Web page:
What is the discerning collector looking for? Experimenter’s Priyanka and Prateek Raja help us understand
The pivot to digital walkthroughs and 360-degree open-concept tours have predictably led to debates over the ethos of experiencing art. But Priyanka and Prateek Raja, of the Kolkata-based art space Experimenter, think that the shift to virtual consumption could lead to a utilitarian renaissance.“I think we are in times of great flux, of course, continuity in production is crucial. Many museum shows have either been cancelled or deferred, young artists without the support of gallery representation find it difficult to navigate their careers at the moment. I was recently speaking to a group of graduating artists, their situation is precarious with reduced opportunities,” the Rajas share.
Experimenter’s Generator Cooperative Art Production Fund was launched a few weeks ago, exclusively for artists who are not represented by Experimenter; the fund will award several micro-bursaries to help visual artists with their projects.
Another timely project Experimenter Labs was conceived as an inclusive addition to their onsite gallery programming, a laboratory-like space where new frontiers and modes of art consumption can be tested. So clearly, the tastemakers are ready to adapt. But can the connoisseurs and collectors rewire their classicist priorities? Prateek and Priyanka Raja help us understand how buyers can manoeuvre this unpredictable phase:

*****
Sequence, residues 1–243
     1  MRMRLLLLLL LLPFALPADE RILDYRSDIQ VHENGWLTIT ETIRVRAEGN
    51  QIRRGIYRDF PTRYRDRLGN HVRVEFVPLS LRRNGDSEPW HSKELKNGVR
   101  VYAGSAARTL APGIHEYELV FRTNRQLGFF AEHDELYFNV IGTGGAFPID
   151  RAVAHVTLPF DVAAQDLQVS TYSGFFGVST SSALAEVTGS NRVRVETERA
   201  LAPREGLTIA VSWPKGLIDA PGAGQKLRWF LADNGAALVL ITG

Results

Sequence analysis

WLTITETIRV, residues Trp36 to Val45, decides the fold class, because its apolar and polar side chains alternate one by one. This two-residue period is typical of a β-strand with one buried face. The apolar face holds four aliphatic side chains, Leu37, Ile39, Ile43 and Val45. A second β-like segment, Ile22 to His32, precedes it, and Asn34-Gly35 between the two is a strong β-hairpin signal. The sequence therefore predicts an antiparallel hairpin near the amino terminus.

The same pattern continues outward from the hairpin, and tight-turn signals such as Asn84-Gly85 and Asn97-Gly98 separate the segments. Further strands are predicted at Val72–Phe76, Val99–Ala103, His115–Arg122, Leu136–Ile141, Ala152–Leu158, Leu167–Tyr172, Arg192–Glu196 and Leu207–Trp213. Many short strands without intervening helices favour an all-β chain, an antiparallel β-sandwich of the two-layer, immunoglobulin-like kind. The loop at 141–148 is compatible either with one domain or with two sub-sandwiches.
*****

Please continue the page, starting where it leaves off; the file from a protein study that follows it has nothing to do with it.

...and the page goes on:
Have digital walkthroughs and virtual art rooms opened up any newer avenues for Experimenter?
The online space has opened up entirely new pathways. While working at breakneck speed to adapt better during the pandemic, we realised that only now is the online space being harnessed for its true potential. The online Viewing Rooms are digital experiences of viewing a curated exhibition online and give us the possibility to focus on a particular artist’s practice. The digital walkthroughs make it possible to reach a wide range of audiences and help us use technology more effectively.